Real-life sci-fi

Last night, as part of the Spectrum Series’ ongoing exploration of “Technology and Community,” science writer Rebecca Skloot presented to the Denison community a chilling scenario, one that seemed straight out of an H.G. Wells or Michael Crichton novel.

Without asking for consent, a doctor extracts cells from a terminally ill patient. After she dies, her cells continue to replicate in the laboratory and essentially live forever. The cells spark a revolution in medical research and give rise to a billion dollar industry. Her impoverished family has no clue any of this is happening.

Skloot’s tale, of course, wasn’t fiction. It was the story of Henrietta Lacks, the central figure in her best-selling book The Immortal Life of Henrietta Lacks. In her lecture at Swasey Chapel, Skloot made the case for mutual responsibility between communities and technology, as represented by scientists. Lacks’ story “is about the importance of people being willing to learn about science, and scientists being able to explain it to them,” she said. “That’s something we struggle with a lot in this country and the world.”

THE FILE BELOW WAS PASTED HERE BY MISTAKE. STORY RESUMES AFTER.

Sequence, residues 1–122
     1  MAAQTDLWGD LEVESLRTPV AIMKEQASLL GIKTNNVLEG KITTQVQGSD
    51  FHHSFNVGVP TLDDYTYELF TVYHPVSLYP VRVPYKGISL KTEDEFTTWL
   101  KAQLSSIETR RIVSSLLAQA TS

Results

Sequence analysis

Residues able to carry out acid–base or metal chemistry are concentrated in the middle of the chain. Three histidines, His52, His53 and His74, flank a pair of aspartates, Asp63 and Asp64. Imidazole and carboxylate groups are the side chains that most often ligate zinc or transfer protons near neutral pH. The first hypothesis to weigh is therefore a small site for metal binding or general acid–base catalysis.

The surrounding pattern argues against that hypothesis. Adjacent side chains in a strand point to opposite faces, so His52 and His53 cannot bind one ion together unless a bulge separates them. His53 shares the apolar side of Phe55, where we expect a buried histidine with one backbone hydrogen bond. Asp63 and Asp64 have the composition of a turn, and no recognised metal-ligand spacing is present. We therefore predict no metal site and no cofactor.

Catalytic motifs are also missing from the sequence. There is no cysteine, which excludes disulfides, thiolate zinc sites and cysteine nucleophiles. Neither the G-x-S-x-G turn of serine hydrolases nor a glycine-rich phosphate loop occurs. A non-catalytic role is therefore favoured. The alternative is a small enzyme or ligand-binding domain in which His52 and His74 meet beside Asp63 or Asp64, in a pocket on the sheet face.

Skloot also shared with the audience her own story, noting how her original plans to become a veterinarian changed with a single college course, an elective in creative writing. It was “one of those classic moments in school…the little things that are so easy to miss, but completely change your life,” Skloot recalled.

Earlier in the day, Skloot spent time with Denison’s own creative writers, sharing experiences and insights with students in Dennis Read’s class, Adventures in Literary Non-Fiction.

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